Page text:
Online fundraising websites like GoFundMe are frequently used for these kinds of campaigns, allowing families to cull wider support using social media channels.

Income Tax Deductions

Income tax deductions allow you to deduct many of your medical expenses from your annual income before taxes.

Examples of tax-deductible expenses might include:

  • Mileage for trips to and from medical appointments
  • Out-of-pocket costs for treatment
  • Prescription drugs/equipment costs
  • Cost of meals during lengthy medical stays

Your local Internal Revenue Service (IRS) office can help you determine which costs are deductible.


Economic burdens cause extra stress for patients and families fighting cancer. Financial assistance programs can help with cancer-related costs, including co-pays, utilities, transportation, etc.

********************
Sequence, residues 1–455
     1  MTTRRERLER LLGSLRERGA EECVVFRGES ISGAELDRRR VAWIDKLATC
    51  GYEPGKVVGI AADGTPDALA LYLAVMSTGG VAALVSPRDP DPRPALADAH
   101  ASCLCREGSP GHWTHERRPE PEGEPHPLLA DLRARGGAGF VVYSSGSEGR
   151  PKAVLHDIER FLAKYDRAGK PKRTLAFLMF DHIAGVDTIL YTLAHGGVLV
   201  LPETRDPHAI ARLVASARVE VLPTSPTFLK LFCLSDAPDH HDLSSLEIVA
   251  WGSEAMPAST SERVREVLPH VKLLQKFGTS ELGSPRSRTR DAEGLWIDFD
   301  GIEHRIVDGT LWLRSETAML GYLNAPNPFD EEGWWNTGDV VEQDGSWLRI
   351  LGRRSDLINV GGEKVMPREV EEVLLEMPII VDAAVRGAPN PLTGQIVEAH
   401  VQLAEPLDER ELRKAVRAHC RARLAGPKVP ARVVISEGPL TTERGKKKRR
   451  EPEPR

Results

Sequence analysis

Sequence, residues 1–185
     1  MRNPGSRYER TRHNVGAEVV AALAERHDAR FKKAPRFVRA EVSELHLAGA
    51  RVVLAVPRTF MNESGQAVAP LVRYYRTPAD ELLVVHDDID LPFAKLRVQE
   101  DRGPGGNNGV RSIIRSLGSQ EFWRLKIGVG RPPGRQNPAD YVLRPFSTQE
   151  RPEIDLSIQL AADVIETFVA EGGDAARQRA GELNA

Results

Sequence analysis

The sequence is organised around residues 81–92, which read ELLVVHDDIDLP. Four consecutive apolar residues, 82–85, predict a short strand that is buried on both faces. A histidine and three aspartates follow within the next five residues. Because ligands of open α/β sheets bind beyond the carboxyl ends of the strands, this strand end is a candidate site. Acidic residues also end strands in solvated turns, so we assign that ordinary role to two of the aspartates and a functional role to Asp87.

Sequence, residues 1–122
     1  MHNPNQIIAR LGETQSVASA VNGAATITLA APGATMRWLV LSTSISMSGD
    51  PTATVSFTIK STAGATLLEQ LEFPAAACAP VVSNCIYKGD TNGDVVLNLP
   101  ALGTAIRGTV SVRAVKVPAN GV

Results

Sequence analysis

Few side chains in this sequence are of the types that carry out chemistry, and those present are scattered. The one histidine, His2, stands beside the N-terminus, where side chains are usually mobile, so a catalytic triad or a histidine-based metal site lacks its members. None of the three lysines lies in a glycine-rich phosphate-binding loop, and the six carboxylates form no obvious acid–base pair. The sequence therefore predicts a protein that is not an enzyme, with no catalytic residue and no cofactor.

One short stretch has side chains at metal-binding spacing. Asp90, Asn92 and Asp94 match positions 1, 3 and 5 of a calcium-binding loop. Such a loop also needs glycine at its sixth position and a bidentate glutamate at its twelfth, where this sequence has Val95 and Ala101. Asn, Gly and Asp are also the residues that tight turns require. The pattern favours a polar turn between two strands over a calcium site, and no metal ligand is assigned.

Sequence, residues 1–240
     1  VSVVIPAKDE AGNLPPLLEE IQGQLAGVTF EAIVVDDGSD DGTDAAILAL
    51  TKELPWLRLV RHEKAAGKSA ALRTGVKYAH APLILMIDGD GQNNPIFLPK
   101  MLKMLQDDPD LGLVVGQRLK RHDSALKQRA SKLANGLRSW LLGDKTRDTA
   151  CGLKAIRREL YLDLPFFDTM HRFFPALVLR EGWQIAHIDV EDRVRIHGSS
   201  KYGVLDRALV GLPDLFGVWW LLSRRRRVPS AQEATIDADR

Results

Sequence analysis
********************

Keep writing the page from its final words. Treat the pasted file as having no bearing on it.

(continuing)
There are private organizations, government-subsidized programs, and community-based services to help offset some of the costs associated with fighting cancer. Some assist with all types of cancer or chronic illnesses while others help with specific cancers or geographic regions. 

Fundraising and crowdfunding are other options worth considering. Family, friends, and social networks are often eager to help financially when they know there is a need.

A Word From Verywell

Having financial burdens when coping with cancer can be scary and frustrating. Fortunately, multiple programs and organizations can help you navigate the healthcare system, as well as provide financial assistance. 

Don’t hesitate to discuss financial concerns with your healthcare providers. They often refer cancer patients to cancer foundations, social workers, or care coordinators to link them to the financial assistance they need.

By Brandi Jones, MSN-ED RN-BC
Brandi is a nurse and the owner of Brandi Jones LLC. She specializes in health and wellness writing including blogs, articles, and education.

Originally written by Lisa Fayed